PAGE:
Occidental chemistry professor Chris Craney still has the slide rule he used as an undergraduate, long after calculators replaced it in the classroom. Craney said he spent a week in college learning how to complete calculations on it, and while the equipment might hold some sentimentality, he is grateful he does not have to teach his students to use slide rules or spend hours doing calculations anymore. Craney said he sees ChatGPT as another tool, like the calculator, for helping students learn how to learn.
ChatGPT is a model powered by artificial intelligence (AI) intended to interact with input in a conversational, human-like way. Originally released in 2019, ChatGPT has recently been used to make a court decision, pass college courses and write a novel. It has been controversial in a wide spread of settings, including education and business. The chatbot can respond to a variety of different prompts, including examining its own role in educational spaces.
“The controversies around the use of ChatGPT in educational settings mainly concern issues of bias, ethics and reliability of the information generated by the model,” the chatbot said.
Professor Craney said that ChatGPT’s responses fall in the lower domains — regurgitation and memorization — in Bloom’s Taxonomy of human cognition. Craney said that in Occidental classes, students should be thinking at a higher cognitive level than the chatbot operates.
“What we want to focus on is the evaluation, synthesis, assessment — those domains, which require you pull various ideas together from multiple directions,” Craney said.
Craney said academic integrity is a concern in the use of ChatGPT, but he sees this as a way to push faculty to ask more interesting questions.
“We ought to be focusing on creativity — how do we put things together in ways that are not just regurgitating the same old same old back and forth,” Craney said.
Occidental Science Librarian Kathleen Makarewicz compiled resources for AI use in a library research guide.
“By providing information on what ChatGPT is, what it can do and can’t do, and how others are thinking about it, the library hopes to help faculty, students and staff make decisions about its use,” Makarewicz said. “We need to examine the risks and benefits of it and decide if its use will enhance and support information literacy and the community as a whole.”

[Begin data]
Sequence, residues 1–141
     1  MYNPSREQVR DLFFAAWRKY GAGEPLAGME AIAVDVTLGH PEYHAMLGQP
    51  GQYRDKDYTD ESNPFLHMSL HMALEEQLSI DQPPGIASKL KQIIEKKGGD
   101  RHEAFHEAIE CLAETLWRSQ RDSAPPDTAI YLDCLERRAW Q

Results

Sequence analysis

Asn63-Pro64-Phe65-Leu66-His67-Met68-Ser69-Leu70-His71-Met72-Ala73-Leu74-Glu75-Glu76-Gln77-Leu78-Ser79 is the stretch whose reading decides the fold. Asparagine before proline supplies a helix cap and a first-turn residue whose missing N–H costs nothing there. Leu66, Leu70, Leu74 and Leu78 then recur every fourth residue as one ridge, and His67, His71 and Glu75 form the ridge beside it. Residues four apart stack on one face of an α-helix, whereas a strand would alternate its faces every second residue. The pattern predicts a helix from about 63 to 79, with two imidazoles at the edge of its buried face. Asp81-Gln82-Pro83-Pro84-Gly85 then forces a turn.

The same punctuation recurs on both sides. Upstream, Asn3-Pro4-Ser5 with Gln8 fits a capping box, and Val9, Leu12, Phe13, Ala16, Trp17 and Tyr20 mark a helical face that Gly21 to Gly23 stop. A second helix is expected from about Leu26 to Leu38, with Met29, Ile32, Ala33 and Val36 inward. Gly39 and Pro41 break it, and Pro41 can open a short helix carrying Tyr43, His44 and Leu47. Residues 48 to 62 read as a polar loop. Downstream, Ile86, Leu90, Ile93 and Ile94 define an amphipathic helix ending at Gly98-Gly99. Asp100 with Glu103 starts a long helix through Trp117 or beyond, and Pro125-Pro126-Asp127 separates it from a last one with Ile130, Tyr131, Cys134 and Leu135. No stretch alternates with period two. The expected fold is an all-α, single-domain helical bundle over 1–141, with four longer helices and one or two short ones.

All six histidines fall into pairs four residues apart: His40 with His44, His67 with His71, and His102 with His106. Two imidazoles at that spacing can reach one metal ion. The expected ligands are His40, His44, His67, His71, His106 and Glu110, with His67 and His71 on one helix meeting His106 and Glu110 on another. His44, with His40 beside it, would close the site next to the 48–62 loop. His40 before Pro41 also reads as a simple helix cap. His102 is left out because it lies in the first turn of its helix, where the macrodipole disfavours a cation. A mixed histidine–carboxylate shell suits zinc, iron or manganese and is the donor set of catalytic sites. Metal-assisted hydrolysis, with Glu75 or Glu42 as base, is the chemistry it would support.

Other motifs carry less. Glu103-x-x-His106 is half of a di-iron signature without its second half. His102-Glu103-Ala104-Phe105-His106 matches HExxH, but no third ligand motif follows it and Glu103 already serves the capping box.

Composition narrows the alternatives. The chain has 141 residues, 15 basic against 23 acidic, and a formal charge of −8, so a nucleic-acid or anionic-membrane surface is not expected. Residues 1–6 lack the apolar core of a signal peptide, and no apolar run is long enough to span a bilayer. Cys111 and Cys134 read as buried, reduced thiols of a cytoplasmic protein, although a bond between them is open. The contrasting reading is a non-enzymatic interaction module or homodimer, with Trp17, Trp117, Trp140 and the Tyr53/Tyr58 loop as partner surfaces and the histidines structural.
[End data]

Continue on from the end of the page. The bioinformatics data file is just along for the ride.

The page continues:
Professor Julie Prebel has been addressing ChatGPT with staff members of the Writing Center. As the department chair of Interdisciplinary Writing and director of the Occidental Writing Center, she showed staff samples of writing produced by the chatbot to formulate an approach to the use of ChatGPT for essay writing. She said they found that the samples lacked citations, exhibited a thin and general discussion of concepts and did not meet the entire criteria of the assignments.
“The Writing Center staff felt pretty confident that they would be able to guide the students toward revision,” Prebel said. “And the revision required to address those concerns would essentially produce an entirely different essay.”
Prebel also said that the writing revisions ChatGPT provides are not the first of its kind; Grammarly is a widely accepted tool in college writing. However, Prebel said the Writing Center offers students writing help on a different scale. She said the Writing Center focuses on the process of writing, instead of just the product.
“We also want students to develop more confidence in themselves as writers,” Prebel said. “ChatGPT is not going to replace that.”
Professor Justin Li, who teaches in the Computer Science and Cognitive Science departments, said he thinks ChatGPT will raise the standards for evidence of student learning. He said he wants to stress to students the tradeoffs of using the chatbot to complete assignments.
“Are you taking this class because you want to learn something, because you want to improve your writing, or are you just there to get the work done and get an A?” Li said. “Yes, you can use this to do some of your assignments for you, and in the short term, that might save you an hour. In the long term, that’s not necessarily what is going to be beneficial.”
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